Practicing in the US has been specifically developed by Conexus Medstaff to provide you with an introduction to the U.S. healthcare industry and the expectations of the role of an RN in America.
Practicing in the US has been specifically developed by Conexus Medstaff to provide you with an introduction to the U.S. healthcare industry and the expectations of the role of an RN in America.
We aim to familiarise you with some of the main regulations and practices that govern health care and nursing in the United States. Register today to take part.
For orientation, Conexus will guide you through the hospital interview process to make you American dream a reality. Register today to take part.
Nursing talent and graduates can live out a dream career in the US with Conexus. As a brand that partners with over 200 healthcare facilities across 30 American states, international nurses trust Conexus to find unique roles across the US.
Register to take part in US Ready.
We put you in a position to learn, but also to continue to learn. As nursing and healthcare evolve, so too will a Conexus Medstaff nurse.
Register to take part in US Ready.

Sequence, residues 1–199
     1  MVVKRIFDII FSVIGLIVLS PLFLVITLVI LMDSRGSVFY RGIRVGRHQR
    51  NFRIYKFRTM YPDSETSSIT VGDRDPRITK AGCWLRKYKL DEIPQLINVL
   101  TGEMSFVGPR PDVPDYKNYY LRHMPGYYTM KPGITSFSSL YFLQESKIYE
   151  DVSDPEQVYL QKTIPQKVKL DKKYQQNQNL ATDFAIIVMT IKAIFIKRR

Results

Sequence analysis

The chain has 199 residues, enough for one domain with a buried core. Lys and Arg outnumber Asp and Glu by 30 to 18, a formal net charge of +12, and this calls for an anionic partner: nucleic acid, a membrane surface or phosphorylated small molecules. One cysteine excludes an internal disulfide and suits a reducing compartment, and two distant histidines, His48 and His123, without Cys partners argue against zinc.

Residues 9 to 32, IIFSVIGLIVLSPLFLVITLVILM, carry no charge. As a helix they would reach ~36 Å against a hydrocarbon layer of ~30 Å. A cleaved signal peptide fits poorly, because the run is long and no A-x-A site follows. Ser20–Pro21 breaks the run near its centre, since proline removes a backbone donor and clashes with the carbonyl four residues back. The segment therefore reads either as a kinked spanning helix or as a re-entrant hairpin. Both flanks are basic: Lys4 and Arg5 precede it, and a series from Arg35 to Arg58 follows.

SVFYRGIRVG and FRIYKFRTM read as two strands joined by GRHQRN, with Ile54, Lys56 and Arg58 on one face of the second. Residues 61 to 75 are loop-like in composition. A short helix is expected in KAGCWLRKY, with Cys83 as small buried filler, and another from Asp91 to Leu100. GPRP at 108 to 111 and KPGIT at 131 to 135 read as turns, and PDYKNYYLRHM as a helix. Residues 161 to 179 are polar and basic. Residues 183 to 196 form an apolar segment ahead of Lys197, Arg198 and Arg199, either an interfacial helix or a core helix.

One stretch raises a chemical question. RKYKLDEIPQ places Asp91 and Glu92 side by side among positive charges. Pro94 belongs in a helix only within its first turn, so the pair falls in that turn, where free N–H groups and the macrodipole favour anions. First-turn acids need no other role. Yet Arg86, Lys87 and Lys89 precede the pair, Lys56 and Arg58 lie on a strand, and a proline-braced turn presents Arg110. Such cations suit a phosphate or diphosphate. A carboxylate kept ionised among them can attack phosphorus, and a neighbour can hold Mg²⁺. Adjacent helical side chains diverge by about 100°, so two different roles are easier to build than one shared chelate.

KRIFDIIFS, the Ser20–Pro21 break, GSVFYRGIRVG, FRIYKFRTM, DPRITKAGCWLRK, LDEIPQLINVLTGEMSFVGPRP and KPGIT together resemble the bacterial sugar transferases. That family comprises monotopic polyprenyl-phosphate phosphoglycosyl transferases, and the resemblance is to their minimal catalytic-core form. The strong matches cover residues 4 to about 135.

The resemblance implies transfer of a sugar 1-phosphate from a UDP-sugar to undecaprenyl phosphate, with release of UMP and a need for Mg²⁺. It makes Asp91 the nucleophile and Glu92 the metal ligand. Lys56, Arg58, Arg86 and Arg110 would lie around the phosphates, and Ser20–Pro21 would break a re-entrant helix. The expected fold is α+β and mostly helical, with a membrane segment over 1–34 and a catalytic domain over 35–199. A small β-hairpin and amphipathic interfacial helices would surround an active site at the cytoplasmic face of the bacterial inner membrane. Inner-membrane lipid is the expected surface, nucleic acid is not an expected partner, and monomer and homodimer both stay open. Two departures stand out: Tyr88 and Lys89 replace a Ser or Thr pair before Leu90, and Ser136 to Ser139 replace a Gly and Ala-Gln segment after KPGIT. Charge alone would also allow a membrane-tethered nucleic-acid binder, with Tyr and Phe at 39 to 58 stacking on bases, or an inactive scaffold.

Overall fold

The results of this year’s Gallup poll show that nurses are the most honest and trusted profession in the U.S., marking the 18th year in a row that the nursing profession has topped this list. To many, this comes as no surprise. Nursing in the U.S is not only one of the most trusted professions, but it is now also one of the most celebrated professions too. What we’ve seen during the COVID-19 pandemic is that the nursing profession in the U.S. is being celebrated and respected more than ever. From neighborhoods around the U.S clapping at doorsteps to show their gratitude and appreciation for nurses to U.S. companies offering free PPE and a variety of discounts to health care workers; U.S. nurses are recognized as safety-critical, highly-qualified and compassionate practitioners at the forefront of healthcare in the U.S. At Conexus MedStaff we know nurses are frequently the first and highest-level providers for primary care. The reality is that nurses have always been our heroes; our expert professionals who provide skilled, compassionate care. As the pandemic moves through the different phases of a crisis and eventually ends, we will continue to support and celebrate our international nurses and graduate nurses, by focusing on their well-being and fueling their career growth in the U.S. In times like these, when an estimated 1 in 10 U.S. nurses is from overseas, we recognize the many contributions international nurses have made in filling the workplace shortages in the U.S. and improving the nation’s health. If you are looking for a life-changing nursing career opportunity in the U.S., fill in the form below: Form ID:2713